Now that they can run, children do not want to stop! Many children still only run in straight lines, and find it hard to stop. Others are beginning to run with more control, and can change direction without stopping. Their improved coordination also allows them to kick a ball that is rolling towards them.
Their games are more symbolic – including dolls, boxes, and toy cars to recreate a scene or adventure they have imagined.
They can build increasingly sophisticated structures. For instance, at this age, many children can make towers of 4 to 6 blocks, or replicate other things you’ve demonstrated building with blocks. All of this is thanks to the development of both fine motor skills and cognition.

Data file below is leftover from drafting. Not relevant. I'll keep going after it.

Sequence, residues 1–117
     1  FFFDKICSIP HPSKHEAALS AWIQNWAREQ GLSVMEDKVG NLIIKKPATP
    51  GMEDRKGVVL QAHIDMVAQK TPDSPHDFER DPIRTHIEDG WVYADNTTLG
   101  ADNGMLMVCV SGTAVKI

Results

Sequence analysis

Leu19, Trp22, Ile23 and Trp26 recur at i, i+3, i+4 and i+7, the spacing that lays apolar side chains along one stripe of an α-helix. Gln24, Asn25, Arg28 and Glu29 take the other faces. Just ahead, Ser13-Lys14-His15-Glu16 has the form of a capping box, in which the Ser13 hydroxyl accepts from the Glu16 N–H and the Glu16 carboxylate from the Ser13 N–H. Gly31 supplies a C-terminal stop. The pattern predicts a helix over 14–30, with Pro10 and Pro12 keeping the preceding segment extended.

They are interested in being with other children, but still find it hard to share. Their sense of “mine” is much stronger than that of “yours.” They still display egocentric behavior focused on their own needs and desires.
If you allow them to, they can independently complete many of their daily grooming and feeding activities. They can feed themselves a variety of meals with utensils. They may also undress themselves almost completely and wash their hands with minimal help from you.